HC Deb 13 November 1917 vol 99 cc349-50

To-day I asked a question relating to the visit to this country of Prince Nicholas of Greece, and I received an unsatisfactory answer from the representative of the Foreign Office. I therefore desire in a few minutes to lay before the House the gravity of that matter, and to show how it was linked, either directly or indirectly, with important events affecting the very fate of this country. For the visit of Prince Nicholas of Greece to this country was not in any sense the visit of an exalted person, received with courtesy and enjoying the usual hospitality of this country. That man came from a Court which we now know to be bitterly hostile to the Allies. He came as a direct emissary from that hostile Court. He was received with open arms. He enjoyed exceptional facilities in this country, and immediately after his visit he proceeded to Berlin by special train, and was received with open arms by the German Kaiser. In order to show the gravity of this matter, I will call forth a few cardinal facts which have been found in the correspondence, after the deposition of King Constantine, in the archives of Athens. As far back as 21st January, 1916, a definite contract seems to have been made between the German Kaiser and King Constantine, whereby King Constantine agreed to offer various facilities of a military nature to the Kaiser, to swear that he would never take up arms against the Kaiser, and that he would hamper any attempt of the Allies to use a military force in Greece.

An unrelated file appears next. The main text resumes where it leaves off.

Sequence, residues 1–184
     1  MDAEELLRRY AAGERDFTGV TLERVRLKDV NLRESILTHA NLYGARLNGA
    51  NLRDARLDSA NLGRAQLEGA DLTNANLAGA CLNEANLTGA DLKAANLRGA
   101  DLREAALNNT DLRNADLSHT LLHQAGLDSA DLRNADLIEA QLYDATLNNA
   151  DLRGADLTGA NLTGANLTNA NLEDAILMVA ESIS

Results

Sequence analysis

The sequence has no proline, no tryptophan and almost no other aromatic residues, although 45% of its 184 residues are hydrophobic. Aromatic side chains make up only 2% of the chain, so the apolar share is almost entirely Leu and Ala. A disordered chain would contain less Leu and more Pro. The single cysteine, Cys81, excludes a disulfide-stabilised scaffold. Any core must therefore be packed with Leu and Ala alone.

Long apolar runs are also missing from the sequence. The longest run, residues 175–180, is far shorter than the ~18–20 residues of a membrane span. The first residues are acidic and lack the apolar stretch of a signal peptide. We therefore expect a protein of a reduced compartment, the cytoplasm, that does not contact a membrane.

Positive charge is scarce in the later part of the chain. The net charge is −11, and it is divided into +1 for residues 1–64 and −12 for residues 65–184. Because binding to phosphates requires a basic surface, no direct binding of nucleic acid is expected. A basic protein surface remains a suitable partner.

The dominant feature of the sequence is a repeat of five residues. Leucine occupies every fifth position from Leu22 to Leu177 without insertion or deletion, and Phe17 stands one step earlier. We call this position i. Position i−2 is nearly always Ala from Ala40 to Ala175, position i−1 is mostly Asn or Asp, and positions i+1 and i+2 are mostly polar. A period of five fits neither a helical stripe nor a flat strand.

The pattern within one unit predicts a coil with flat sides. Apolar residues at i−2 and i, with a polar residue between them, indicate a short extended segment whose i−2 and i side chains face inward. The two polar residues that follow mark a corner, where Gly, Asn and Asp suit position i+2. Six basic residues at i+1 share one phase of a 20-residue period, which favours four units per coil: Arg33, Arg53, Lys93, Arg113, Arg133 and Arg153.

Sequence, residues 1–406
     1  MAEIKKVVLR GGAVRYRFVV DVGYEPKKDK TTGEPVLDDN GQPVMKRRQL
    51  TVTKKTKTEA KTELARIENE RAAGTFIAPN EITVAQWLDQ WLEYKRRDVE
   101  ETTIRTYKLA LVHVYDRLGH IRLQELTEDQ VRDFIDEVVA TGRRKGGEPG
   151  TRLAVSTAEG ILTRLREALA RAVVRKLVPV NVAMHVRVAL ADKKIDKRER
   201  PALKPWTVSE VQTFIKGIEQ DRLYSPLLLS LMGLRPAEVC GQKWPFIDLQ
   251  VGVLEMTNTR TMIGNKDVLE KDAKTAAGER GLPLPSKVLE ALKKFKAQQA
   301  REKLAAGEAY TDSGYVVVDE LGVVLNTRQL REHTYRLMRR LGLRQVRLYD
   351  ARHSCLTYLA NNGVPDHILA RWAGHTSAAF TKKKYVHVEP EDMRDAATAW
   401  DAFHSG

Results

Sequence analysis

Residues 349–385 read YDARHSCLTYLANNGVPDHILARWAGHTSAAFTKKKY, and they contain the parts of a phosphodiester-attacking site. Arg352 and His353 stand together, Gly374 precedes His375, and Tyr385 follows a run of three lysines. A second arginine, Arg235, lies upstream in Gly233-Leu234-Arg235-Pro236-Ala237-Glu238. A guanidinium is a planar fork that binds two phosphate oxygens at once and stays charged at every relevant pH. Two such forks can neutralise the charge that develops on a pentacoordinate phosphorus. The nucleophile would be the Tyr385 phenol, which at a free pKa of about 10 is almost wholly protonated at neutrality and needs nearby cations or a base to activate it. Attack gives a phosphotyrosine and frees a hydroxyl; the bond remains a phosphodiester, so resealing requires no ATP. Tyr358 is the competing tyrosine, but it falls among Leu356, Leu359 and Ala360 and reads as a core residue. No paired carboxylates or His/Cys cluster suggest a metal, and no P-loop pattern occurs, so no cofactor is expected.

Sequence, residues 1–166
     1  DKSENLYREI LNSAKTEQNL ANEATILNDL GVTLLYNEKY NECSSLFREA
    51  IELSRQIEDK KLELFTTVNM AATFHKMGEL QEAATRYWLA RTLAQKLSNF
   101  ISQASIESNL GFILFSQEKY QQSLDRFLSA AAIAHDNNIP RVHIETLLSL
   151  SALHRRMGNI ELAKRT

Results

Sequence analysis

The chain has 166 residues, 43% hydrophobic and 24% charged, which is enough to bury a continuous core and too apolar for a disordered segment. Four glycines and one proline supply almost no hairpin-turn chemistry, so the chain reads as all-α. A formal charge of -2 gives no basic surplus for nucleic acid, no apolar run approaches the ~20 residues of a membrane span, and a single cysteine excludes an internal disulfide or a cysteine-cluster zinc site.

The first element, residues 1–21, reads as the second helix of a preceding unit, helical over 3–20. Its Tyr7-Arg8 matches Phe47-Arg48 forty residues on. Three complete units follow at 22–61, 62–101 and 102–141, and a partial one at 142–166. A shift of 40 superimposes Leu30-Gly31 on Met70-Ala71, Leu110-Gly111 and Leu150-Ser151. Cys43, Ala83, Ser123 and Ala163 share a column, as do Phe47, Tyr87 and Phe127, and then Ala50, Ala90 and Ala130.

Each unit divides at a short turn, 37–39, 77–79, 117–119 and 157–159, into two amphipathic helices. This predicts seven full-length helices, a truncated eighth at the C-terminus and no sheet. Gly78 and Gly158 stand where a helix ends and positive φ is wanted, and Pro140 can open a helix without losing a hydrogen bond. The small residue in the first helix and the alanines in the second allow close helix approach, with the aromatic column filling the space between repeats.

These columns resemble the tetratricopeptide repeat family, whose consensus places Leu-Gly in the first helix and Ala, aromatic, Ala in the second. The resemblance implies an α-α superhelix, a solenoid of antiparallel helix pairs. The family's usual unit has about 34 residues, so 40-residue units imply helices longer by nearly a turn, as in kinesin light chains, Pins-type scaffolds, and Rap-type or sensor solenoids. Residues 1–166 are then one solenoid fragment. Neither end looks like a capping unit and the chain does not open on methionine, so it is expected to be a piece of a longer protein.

Notice taken that forty Members were not present.


I beg to give notice that if I am counted out I will raise this question again and again until I get a hearing, in spite of the mean tricks which are now the only resort of the Government.


Is it in order for a Member to use the expression, "mean tricks"?


It is not in order for an hon. Member to attempt to address the House when a count has been called.


Is it not also out of order to attempt to raise a point of Order when a count is on?

House counted, and, forty Members not being present,

The House was adjourned at Twenty-five minutes before Eleven o'clock.